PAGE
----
|Behind the Canvas: An insider's guide to the New |
Zealand art market by Warwick Henderson
Our verdict: Indispensable.
Format"Behind the Canvas" is structured in 10 chapters, starting with "A Brief History of the Art Market", taking you through "Building a New Zealand Art Collection" to "Selling Artwork" with diversions into the illuminating "Information and Advice for Artists" and "Fakes, Forgeries and Flops" along the way. A helpful "Recommended Reading and References" section rounds off the main part of the book. This is followed by in depth endnotes, exhaustive picture credits and a useful and thorough index (the book is well edited and nicely designed by Kate Stone and Kate Barraclough at New Holland).
Engaging & InformativeThe soul of this publication is Henderson's ability to convey his enthusiasm for the the NZ art market in a delightful breezy style whilst filling the reader with knowledge. Readable, often funny and comprehensively informative Henderson de-mystifies collecting art in the affable manner of a kiwi Bill Bryson taking a complex topic and making it highly digestible.
There is an entertaining openness and disarming honesty about "Behind the Canvas", Henderson's mistakes are wryly dissected and not every purchase ends in triumph although lessons may be learned. The intersection between art and business is the central theme of the book, the role of the dealer balancing the needs of each side of the transaction is clearly explained. The interests and requirements of both collectors and artists are taken into consideration across the chapters, and aspiring (and perhaps competitive) dealers will learn a lot too!
A key influence on Henderson's approach to art dealing seems to have been one of the author's "first forays into a Wellington dealer gallery" where the dealer was "extremely personable and friendly - a typical Kiwi bloke and not the stereotypical snobby dealer". This book is in the tradition of making art accessible without dumbing it down that outlets like Peter McLeavey's gallery epitomised to the first generation of buyers of contemporary NZ art.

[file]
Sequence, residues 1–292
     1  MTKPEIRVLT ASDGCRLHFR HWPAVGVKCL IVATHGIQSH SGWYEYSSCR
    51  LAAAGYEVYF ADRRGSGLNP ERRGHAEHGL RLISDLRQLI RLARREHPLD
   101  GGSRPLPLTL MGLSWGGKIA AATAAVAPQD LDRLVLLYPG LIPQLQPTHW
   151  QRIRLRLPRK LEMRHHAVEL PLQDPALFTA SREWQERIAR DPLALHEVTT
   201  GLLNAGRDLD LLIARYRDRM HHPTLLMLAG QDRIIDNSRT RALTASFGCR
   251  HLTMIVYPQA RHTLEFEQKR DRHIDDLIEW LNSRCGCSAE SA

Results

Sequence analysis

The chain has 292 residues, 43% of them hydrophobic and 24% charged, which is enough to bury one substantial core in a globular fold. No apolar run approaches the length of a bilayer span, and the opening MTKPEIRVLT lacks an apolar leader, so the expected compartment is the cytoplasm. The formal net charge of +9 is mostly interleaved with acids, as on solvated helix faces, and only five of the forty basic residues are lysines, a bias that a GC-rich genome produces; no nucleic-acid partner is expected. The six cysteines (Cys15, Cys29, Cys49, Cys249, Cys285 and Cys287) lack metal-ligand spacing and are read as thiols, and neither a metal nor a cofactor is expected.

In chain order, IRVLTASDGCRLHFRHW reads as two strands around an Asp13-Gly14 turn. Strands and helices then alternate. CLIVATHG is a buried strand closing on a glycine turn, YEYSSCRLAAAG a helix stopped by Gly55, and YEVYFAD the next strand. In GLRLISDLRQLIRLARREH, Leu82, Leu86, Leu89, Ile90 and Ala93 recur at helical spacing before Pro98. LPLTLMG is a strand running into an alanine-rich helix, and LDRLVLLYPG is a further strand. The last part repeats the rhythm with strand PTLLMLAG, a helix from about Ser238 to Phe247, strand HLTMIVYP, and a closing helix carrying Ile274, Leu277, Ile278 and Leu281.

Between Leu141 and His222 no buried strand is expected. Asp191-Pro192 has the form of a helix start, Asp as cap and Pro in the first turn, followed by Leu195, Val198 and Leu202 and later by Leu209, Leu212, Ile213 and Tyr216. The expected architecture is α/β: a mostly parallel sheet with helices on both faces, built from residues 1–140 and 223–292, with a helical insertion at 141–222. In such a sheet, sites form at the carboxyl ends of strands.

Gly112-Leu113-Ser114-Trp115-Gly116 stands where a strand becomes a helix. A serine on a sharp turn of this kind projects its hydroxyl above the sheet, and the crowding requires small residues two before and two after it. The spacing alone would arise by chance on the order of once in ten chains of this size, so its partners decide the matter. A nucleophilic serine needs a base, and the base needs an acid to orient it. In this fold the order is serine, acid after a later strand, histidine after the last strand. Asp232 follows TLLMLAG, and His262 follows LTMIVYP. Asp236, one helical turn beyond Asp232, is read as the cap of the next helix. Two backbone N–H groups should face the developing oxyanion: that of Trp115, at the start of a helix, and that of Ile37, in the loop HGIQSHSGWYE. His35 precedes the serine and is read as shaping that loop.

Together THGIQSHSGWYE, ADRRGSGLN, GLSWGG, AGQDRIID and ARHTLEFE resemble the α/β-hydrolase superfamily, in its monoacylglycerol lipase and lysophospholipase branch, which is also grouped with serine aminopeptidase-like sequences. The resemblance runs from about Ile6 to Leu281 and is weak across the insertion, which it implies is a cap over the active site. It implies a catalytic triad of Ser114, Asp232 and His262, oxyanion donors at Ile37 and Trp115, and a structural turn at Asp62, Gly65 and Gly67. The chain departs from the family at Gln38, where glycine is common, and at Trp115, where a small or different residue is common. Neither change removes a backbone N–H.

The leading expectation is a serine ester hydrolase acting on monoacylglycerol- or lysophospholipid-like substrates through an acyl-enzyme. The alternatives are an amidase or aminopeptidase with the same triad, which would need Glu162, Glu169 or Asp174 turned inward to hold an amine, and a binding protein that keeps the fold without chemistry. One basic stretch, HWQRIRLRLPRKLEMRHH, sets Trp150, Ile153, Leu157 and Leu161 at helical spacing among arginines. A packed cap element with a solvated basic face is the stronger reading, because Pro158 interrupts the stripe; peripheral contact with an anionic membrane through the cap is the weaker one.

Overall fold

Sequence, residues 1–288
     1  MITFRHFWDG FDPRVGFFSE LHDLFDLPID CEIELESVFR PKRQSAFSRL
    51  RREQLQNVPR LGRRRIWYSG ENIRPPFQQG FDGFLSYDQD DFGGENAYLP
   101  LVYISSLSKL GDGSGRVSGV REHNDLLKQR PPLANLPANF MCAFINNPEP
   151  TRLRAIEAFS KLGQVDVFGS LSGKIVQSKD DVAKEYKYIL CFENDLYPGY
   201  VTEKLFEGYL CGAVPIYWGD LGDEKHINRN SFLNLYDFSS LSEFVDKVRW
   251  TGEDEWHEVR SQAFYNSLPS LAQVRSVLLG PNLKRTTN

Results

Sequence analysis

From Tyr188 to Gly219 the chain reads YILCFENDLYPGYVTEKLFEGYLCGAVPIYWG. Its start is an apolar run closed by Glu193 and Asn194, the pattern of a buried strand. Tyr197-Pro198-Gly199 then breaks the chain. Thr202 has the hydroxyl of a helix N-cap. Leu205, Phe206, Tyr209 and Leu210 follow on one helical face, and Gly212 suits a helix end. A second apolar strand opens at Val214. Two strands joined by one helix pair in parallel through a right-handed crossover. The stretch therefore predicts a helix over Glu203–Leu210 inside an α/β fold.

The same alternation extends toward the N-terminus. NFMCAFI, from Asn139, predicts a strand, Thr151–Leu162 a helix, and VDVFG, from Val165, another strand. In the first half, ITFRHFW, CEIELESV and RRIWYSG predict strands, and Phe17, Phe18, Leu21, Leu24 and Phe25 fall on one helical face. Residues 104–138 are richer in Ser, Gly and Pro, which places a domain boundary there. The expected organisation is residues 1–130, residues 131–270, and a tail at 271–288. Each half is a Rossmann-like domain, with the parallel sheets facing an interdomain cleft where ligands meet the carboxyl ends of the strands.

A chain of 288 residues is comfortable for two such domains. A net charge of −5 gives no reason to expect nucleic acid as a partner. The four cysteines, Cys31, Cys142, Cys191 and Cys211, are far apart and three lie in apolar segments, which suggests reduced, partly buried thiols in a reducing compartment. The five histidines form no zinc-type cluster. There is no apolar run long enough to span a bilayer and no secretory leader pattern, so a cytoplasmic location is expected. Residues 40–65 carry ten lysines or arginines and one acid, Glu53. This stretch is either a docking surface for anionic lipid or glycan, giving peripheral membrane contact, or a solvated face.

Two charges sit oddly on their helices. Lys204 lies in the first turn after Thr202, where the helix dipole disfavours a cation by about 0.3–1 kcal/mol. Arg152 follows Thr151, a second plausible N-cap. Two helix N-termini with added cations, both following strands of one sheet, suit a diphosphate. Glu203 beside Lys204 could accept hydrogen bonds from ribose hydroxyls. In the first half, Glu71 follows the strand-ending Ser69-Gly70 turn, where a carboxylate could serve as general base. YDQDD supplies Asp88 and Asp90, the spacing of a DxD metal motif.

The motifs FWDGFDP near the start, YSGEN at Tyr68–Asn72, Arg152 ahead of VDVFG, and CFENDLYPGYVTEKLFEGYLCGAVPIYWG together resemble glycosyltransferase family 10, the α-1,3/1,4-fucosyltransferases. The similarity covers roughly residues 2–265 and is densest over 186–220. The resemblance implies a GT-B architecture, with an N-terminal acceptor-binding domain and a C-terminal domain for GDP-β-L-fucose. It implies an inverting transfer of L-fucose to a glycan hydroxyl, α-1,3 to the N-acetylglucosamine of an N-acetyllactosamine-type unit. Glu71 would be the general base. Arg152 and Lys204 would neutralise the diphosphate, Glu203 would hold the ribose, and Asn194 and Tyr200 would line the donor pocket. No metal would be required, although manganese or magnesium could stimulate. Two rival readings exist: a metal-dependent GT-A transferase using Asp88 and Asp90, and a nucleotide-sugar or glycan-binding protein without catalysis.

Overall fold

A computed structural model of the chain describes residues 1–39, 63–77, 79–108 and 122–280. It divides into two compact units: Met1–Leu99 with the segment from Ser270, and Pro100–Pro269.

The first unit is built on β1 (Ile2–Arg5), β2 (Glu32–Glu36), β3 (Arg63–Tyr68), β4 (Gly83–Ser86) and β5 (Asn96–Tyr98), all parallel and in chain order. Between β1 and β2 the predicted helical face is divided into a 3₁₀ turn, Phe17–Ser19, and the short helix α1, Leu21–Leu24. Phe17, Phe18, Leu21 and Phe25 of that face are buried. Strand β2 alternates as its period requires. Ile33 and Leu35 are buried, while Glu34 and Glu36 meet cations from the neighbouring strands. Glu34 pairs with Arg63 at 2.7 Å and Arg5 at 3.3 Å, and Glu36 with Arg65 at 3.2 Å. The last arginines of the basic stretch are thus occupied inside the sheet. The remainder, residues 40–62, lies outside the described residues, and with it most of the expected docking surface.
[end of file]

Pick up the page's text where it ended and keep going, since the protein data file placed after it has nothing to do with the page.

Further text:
PrintsThis writer expected the usual dismissive treatment of artists' prints but was pleasantly surprised when original prints were covered respectfully and some were even illustrated in the book. Early NZ prints were even mentioned as a possible starting point for a collection.
Online SalesLikewise when the heading "E-Commerce Sites and Other Art Junk" leapt off the page to this reviewer (disclosure: I am the marketing manager at one of NZ's busiest art selling websites) what follows is a carefully nuanced review of the pitfalls of online sales of art from the vantage point of over 30 years in the industry that does not throw the ecommerce baby out with the bathwater. What was particularly interesting was the even handedness of the critique, Henderson is equally concerned about the sellers of artwork on sites like TradeMe being hoodwinked by savvy buyers as he is by buyers unwittingly buying mass produced paintings being passed off as original artworks.
ConclusionThe only disappointment is that with such a comprehensive book - Henderson wryly notes the "scope of the book grew much wider than I (or the publishers) had originally envisaged" - there may not be enough material for another book by this writer on this topic in the near future.
Creative New Zealand's visual arts budget would buy 100,000 copies of this book. This writer couldn't think of single better way of supporting the continued long term growth of the NZ art market than delivering this engaging, inspiring and practical book into 100,000 households tomorrow.